AVI Systems. Interview with Brad Sousa, Chief Technology Officer (CTO)

AVI Systems, Brad Sousa, interview, Broadcast Magazine, magazine broadcast

Interview with Brad Sousa, Chief Technology Officer (CTO)

AVI Systems has become from a small supply company 40 years ago into a global provider of audio visual solutions today. What key steps has your company followed so far to get this?

Today, we would say that AVI is in our forth reinvention of who we are.  We started out 40 years ago when the industry was about providing technical devices and hardware.  Along our journey, we became more of a systems integrator, delivering systems that combined multiple technologies and manufacturers; and then eventually became an integrator delivering systems nationally and internationally. Today we would say that we are still an integrator, but more focused on solutions than systems. Our emphasis is on applying the technologies we support to human collaboration and decision making.  Along the way, our customer relationships have had the trust needed to enable AVI to transform as a company as well as lead visual innovation. As a result, AVI has customers of all sorts; from technology buyers and those that are looking for the best integrated systems, to organizations who value the power of visual communications. AVI’s goal is to enable people and teams to communicate their critical ideas. AVI technologies accelerate decision making, improve human interactions and create impactful experiences.


During that time, what changes have impacted your company the most?

In 40 years, there are literally hundreds of small changes that create large shifts in the industry.  AVI would distill many of these down to three large points of impact.


Digital Transformation:  The impact of digital transformation cannot be overstated. The way we create, transport and consume media is all driven by this transformation.  The amount of media that the average knowledge worker consumes in a common workday is absolutely staggering.  Media that is professionally produced and on-air is given equality with on-demand and internet media of all sorts.  Combine this with the hours of content that is self-produced each day through social media and collaborative technologies and we begin to see why our customers have become deaf to messages about “what a product or system can do” and are hyper focused on “how visual technologies can solve problems and move forward decision making”.  Today it is common place for AVI to integrate solutions that include technologies from Amazon and Microsoft, with technologies that include IP network infrastructure, UC applications and broadcast technologies.


AVI Systems, Brad Sousa, Interview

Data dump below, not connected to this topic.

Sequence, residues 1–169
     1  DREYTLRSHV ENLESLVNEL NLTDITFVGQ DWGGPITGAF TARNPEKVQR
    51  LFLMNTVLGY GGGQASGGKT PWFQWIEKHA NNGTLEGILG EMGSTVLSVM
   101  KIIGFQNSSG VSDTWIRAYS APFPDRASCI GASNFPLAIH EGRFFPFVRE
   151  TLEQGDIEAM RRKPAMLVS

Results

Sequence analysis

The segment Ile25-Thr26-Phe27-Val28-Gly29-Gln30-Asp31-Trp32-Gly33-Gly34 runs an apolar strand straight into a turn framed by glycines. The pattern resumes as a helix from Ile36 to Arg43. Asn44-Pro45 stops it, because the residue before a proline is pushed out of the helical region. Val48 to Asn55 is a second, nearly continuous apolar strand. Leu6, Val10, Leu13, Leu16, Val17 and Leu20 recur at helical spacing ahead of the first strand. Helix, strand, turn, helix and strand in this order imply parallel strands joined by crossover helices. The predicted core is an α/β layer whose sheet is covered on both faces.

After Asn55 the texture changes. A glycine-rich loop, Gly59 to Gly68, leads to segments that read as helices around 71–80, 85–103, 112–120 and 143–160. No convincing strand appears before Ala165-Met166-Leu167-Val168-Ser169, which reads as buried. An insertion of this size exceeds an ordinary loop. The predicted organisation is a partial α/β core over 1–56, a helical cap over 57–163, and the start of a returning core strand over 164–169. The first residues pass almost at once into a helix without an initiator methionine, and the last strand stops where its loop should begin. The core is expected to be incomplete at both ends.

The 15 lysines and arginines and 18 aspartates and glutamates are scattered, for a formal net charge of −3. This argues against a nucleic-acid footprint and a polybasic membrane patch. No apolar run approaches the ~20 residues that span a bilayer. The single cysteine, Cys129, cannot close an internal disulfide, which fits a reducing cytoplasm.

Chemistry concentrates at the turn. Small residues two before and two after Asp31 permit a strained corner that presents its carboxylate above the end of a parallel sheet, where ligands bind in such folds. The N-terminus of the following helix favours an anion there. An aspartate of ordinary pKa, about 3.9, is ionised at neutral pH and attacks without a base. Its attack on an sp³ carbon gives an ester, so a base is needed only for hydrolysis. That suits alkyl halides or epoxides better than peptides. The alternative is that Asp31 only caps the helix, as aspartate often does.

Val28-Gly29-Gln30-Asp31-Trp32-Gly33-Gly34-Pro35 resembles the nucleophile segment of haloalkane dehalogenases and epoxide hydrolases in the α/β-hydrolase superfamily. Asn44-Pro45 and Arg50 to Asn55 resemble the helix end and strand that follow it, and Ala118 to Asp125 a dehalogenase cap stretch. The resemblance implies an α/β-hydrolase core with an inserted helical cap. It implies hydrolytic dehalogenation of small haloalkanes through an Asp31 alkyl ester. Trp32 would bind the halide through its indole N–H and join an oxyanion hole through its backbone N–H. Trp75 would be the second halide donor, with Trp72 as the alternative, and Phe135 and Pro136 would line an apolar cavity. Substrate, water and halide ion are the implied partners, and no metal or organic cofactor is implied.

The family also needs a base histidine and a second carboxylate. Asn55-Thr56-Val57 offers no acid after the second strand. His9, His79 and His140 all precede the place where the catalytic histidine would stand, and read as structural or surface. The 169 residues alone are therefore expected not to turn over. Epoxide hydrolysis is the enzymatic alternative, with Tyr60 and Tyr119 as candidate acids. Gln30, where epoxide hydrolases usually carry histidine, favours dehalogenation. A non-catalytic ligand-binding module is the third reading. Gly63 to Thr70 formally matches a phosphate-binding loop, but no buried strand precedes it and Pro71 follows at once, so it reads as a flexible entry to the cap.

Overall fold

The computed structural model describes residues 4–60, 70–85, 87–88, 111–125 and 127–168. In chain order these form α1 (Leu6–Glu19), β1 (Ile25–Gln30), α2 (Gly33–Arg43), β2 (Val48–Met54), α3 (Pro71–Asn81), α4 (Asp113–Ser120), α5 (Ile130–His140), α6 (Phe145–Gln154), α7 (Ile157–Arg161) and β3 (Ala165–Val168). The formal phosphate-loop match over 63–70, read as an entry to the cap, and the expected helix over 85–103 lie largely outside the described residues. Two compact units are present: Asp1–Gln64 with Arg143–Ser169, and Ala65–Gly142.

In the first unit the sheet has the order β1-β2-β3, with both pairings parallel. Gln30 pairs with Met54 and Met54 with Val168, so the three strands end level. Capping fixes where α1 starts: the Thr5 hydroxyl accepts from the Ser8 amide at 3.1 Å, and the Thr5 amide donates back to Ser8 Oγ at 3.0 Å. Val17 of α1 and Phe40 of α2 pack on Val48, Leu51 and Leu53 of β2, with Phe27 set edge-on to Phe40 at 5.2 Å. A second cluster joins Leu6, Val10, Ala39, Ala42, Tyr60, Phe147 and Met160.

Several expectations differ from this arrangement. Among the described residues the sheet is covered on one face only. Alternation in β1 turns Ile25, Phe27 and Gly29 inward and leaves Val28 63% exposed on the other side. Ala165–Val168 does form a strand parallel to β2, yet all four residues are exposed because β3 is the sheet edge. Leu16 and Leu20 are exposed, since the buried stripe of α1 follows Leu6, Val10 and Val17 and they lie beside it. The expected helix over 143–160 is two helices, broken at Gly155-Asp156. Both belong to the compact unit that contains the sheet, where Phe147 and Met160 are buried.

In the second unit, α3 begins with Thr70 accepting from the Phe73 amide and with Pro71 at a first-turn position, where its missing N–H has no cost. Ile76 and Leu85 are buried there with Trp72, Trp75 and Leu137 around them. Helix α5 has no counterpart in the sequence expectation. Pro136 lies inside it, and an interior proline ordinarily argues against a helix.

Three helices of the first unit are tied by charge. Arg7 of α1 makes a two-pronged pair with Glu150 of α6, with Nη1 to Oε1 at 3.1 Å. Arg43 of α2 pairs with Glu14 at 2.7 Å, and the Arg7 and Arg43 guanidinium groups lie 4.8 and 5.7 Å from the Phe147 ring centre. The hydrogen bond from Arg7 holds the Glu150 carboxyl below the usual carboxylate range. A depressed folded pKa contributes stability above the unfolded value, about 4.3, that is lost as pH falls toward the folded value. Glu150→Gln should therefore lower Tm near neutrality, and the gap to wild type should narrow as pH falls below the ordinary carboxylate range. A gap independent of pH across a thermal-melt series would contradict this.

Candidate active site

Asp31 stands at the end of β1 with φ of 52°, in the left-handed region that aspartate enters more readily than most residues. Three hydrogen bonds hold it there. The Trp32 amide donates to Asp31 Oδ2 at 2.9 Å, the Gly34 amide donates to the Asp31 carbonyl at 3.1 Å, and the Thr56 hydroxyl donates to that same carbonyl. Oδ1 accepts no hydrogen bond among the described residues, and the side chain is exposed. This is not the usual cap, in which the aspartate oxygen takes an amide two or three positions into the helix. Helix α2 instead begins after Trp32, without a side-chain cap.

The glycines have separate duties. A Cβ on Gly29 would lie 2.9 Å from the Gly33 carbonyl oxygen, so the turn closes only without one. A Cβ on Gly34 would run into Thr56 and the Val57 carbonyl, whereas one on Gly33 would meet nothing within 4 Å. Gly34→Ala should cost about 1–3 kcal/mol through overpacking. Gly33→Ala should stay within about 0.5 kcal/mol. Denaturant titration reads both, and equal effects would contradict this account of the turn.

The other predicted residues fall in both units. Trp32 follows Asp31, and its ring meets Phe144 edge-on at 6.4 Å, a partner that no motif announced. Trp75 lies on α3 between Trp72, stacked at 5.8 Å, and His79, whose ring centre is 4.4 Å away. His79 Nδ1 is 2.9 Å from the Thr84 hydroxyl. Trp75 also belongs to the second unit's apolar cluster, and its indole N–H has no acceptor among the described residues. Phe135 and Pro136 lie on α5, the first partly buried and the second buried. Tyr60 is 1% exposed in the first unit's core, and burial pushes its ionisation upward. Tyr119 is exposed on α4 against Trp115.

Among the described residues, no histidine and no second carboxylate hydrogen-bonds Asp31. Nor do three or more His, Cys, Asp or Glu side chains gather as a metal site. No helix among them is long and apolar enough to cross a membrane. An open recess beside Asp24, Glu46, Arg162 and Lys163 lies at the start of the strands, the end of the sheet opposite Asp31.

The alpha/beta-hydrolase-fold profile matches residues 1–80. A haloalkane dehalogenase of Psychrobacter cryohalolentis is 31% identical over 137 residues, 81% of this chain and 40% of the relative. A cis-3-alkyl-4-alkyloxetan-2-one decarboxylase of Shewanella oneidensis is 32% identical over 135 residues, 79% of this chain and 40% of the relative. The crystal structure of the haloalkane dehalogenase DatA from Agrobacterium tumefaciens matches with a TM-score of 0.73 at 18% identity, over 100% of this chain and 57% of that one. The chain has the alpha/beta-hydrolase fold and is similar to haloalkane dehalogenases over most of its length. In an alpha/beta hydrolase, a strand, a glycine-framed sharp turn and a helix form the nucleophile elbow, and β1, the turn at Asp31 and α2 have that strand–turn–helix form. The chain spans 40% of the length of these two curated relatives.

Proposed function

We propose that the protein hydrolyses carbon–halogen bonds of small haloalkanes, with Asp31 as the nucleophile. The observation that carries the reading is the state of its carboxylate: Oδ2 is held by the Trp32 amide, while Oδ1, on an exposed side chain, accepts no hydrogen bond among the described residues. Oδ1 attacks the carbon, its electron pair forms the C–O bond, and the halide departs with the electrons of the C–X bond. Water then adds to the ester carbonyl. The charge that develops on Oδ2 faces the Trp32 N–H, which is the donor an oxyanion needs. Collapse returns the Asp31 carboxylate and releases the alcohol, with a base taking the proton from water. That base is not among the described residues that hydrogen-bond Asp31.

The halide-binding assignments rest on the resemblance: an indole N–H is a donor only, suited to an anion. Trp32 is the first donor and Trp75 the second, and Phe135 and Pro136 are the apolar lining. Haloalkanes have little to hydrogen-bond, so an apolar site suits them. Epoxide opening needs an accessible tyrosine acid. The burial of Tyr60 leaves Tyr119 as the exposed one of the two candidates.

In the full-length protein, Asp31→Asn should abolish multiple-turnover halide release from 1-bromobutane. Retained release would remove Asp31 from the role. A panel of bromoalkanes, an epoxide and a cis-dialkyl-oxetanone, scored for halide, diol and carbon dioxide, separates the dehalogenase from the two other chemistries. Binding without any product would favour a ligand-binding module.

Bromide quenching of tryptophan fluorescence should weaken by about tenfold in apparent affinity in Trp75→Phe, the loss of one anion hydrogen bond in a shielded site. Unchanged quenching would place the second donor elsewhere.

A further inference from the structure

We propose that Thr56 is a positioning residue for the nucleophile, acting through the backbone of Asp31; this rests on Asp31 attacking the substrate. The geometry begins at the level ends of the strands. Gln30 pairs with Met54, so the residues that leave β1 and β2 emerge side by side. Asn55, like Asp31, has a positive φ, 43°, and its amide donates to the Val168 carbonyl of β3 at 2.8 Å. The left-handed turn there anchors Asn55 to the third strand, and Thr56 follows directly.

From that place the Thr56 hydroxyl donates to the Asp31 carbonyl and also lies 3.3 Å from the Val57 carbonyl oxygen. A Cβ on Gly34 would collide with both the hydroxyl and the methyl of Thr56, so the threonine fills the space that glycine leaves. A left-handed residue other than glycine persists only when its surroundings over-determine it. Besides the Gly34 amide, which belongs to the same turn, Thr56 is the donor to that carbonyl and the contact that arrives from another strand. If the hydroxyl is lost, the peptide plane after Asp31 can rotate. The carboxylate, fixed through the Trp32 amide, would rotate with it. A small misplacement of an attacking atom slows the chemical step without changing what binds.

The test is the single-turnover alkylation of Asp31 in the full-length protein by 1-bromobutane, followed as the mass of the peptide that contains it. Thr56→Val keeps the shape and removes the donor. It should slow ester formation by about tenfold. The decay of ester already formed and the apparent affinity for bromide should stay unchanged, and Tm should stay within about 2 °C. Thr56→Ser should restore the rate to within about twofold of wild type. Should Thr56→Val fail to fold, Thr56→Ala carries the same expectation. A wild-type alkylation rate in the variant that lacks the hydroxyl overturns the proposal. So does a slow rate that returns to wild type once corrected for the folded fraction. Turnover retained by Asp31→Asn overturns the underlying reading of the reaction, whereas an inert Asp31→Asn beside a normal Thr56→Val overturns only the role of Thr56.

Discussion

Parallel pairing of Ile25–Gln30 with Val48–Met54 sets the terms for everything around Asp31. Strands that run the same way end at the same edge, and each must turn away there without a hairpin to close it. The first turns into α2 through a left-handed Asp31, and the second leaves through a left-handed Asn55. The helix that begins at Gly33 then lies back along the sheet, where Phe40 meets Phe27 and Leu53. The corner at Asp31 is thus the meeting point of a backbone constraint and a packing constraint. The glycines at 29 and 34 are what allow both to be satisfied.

IoT and Consumerization of Media: In the past, systems were essentially “closed” with discrete connections from sources to destinations with some sort of matrix in between.  Today, these “IP devices” create a communication environment that can be literally thousands of connected sources and consumers. In the past, we fought to maintain strict adherence to quality guidelines that ensured “professional” media. Today, IoT connected devices drive content from social media and mobile devices that are seemingly acceptable quality.  The result is the ever-growing expectation from users that connections should be “open”, enabling users to connect anywhere, and from virtually device, to each other; while maintaining the quality and reliability normally associated with restrictive and managed infrastructure.  The lines that used to segment our business between corporate and broadcast and digital media are blurred.  It’s all visual communications in different forms and the expectation is that it is integrated together.  This expectation is across all segments of AVI’s business.  Broadcast, Unified Communications and Collaboration, Enterprise AV and Media…


Transition from technologist buyers to technology consumers:  This is perhaps the biggest current impact and likely will be for the next several years.  In the past, our business was transacted between technologists.  Technologist buyers and technologist sellers that delivered well engineered solutions between people that had essentially a common language and set of expectations.  However, more and more today our customers are not technologists. They are technology consumers looking for a way to solve a problem and hoping our technology will assist them. These customers don’t speak specifications and standards.  They speak in business terms.  They speak to us in terms of strategies and outcomes.  This is true regardless if the customer is a media outlet, a global corporation or a house of worship.  This requires AVI to change our language, our design processes and our definition of “solution”.


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